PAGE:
Also, bravo to Jules Mopper above, for his statement that US drug laws have only enriched violent criminals. The Mexican drug gangs are nothing more than latter-day Al Capones.

    To Norwegian Shooter: the ‘cultural factors’ to which Dr. Mead refers include, but are not limited to, such things as the Magna Carta and the philosophies of John Locke and Adam Smith. Individual and economic freedom give citizens a stake in their societies, and thus, the impetus to fight in the defense of that society. Such factors are absent under feudalism, communism, and Shari’a.

  • jbay

    P.S. I appologize for the several typo’s.

  • WigWag

    “‘Emerging’ is one of the hypocritical weasel words that foreign policy wonks often use to paper over unpleasant or crude realities. ‘Emerging democracies’ are undemocratic countries where, we hope, existing trends may lead to greater freedom over time. ‘Emerging powers’ similarly should be understood as countries that aren’t yet ready to play a lead role on major issues but who, given time, may someday take a seat at the high table of world affairs. ‘Emerging economies’ are similarly places where, one day, it may be reasonably safe to put your retirement money.” (Walter Russell Mead)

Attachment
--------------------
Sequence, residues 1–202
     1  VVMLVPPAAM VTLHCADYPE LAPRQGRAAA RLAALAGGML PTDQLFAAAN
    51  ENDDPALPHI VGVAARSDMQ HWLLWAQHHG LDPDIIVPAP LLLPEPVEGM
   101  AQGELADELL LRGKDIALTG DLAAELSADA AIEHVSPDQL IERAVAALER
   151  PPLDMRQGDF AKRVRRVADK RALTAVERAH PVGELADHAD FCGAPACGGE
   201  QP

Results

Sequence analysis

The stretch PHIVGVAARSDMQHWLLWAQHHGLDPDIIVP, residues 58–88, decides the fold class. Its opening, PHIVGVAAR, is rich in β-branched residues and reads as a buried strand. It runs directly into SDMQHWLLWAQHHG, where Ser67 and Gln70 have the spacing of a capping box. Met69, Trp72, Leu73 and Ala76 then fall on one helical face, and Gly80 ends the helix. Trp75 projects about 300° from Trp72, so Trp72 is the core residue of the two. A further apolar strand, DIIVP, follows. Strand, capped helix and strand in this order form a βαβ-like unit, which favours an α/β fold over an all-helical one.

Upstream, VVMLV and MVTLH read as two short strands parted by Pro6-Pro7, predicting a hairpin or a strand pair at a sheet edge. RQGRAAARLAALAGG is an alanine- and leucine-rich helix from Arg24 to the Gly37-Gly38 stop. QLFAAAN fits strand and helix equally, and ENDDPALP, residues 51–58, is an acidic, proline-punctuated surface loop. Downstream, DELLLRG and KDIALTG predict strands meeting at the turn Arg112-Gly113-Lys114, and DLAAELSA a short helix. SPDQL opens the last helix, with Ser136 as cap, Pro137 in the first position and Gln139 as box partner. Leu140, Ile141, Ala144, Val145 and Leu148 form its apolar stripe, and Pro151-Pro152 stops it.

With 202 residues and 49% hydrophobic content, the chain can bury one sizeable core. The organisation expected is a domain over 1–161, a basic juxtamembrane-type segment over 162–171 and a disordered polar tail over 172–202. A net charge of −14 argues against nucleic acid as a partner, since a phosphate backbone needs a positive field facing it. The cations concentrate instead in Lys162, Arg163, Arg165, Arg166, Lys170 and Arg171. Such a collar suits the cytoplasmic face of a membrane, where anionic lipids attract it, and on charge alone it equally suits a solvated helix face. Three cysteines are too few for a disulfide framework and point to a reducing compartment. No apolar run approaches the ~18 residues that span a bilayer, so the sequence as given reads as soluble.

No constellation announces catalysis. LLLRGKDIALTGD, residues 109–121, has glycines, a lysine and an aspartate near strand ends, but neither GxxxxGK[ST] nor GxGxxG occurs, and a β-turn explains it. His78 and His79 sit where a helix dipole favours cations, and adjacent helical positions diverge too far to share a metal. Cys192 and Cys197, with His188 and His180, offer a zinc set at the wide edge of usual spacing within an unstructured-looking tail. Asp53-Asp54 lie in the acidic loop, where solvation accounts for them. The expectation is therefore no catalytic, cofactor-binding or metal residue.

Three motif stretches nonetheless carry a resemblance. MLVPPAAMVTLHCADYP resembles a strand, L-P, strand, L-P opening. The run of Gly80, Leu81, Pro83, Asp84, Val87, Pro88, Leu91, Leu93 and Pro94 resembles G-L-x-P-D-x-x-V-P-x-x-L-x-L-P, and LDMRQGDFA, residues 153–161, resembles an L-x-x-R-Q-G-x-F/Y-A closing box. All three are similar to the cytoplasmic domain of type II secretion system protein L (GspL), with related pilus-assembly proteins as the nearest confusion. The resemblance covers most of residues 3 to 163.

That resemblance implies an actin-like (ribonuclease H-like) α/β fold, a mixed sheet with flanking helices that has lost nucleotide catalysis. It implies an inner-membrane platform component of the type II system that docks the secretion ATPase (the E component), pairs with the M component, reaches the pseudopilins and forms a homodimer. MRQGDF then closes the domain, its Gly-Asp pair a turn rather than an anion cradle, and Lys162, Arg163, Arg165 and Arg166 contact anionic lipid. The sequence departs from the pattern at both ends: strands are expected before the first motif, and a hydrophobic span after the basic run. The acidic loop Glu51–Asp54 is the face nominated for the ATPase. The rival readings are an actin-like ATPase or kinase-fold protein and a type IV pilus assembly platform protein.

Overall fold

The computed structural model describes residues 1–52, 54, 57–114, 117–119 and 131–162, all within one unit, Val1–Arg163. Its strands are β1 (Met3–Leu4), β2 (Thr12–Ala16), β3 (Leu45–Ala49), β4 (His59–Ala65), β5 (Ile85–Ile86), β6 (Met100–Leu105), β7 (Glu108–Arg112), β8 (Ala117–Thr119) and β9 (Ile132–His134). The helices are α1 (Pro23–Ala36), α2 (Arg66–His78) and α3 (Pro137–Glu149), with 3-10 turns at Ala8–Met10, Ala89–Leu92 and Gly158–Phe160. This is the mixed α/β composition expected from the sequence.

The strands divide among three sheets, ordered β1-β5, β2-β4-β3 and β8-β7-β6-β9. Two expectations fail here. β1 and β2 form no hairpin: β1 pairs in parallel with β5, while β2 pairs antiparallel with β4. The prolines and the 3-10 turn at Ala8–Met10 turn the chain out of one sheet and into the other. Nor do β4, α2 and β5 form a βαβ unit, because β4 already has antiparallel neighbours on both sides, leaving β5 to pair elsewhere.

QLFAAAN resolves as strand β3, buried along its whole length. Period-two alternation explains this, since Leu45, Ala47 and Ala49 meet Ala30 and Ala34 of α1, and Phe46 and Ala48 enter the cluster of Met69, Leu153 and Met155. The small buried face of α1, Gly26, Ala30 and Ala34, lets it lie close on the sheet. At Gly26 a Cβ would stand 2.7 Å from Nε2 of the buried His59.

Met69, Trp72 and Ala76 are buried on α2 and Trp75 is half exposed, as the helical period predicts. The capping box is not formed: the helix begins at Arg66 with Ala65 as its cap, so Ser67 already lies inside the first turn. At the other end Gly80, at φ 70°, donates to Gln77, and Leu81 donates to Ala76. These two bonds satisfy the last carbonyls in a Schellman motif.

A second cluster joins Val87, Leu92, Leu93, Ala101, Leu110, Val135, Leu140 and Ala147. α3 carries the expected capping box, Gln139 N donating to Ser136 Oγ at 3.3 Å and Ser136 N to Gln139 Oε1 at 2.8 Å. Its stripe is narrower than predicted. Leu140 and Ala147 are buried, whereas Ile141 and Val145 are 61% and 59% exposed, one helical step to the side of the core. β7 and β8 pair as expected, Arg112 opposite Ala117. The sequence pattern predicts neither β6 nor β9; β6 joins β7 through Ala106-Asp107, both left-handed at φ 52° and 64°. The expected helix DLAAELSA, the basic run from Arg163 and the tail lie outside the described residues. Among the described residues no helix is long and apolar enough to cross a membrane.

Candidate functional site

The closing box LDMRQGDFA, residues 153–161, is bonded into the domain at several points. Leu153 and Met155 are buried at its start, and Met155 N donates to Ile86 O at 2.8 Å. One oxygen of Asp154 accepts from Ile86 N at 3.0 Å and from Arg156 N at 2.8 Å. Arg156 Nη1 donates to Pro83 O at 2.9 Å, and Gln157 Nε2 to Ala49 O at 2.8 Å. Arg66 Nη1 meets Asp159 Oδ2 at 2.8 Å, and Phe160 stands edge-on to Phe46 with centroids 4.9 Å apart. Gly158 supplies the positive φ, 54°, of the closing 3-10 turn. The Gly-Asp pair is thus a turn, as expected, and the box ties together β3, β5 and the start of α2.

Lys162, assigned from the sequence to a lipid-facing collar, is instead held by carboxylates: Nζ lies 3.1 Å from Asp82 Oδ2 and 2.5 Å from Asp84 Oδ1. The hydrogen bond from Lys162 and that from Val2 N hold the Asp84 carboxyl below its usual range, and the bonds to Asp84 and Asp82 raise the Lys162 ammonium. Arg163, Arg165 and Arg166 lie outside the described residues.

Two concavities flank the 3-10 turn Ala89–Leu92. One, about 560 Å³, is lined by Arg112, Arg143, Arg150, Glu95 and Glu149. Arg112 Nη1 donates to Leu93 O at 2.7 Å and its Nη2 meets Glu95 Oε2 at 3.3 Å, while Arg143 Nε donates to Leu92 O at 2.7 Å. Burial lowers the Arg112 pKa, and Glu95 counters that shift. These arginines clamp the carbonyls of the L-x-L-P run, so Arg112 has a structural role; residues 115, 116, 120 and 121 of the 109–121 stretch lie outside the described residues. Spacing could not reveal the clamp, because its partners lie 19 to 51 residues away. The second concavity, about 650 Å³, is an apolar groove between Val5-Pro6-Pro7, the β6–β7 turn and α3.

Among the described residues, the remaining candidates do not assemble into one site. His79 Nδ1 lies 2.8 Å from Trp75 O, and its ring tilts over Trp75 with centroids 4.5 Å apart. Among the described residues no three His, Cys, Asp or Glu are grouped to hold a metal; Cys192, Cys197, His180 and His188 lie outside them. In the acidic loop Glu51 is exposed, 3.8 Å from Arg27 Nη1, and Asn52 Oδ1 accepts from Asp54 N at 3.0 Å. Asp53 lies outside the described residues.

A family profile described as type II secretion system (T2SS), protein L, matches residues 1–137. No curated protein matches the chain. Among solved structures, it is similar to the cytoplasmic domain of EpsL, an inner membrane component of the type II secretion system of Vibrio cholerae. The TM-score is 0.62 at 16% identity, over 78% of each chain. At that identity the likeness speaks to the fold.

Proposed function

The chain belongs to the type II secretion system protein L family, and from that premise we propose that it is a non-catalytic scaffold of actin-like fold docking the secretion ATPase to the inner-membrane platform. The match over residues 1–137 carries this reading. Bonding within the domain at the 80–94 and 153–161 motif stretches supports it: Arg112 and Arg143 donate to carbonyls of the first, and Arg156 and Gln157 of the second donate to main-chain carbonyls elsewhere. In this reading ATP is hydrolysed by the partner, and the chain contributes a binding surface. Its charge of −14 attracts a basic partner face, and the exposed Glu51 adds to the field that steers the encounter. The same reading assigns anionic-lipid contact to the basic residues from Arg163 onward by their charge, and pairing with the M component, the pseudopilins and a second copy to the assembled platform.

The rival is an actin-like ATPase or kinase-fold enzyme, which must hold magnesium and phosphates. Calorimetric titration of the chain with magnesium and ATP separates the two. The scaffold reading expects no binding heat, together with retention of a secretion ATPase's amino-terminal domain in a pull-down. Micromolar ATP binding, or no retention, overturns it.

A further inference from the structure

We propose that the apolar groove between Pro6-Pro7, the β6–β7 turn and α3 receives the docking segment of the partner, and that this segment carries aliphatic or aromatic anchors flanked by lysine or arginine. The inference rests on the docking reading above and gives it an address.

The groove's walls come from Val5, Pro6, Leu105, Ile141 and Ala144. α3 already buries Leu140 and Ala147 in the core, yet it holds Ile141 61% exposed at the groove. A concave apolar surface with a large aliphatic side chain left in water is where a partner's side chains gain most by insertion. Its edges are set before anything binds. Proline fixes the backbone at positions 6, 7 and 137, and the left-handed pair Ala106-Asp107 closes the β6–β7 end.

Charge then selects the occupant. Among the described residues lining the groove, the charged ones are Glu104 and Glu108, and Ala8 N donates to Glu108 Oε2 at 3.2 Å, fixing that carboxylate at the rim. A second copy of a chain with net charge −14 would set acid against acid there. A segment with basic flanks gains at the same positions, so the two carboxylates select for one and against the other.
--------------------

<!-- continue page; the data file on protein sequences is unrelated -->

Mead is right again, Brazil is certainly an economic power house. It’s a nation of 193 million people with a nominal GDP almost the same as the nominal GDP of New York City which has a population of 8,250,000 people.

    Brazil’s per capita GDP in 2009 ($8,220) was smaller than the per capita GDP of either Chile or Uraguay. Per capita GDP was significantly higher in Equatorial Guinea, St. Kitts, Barbados and Antigua than in Brazil.

    Before Brazil is annointed as a world leader in anything (other than soccer), wouldn’t it make sense to provide a little evidence?

  • http://www.lisastewartlaw.com Elder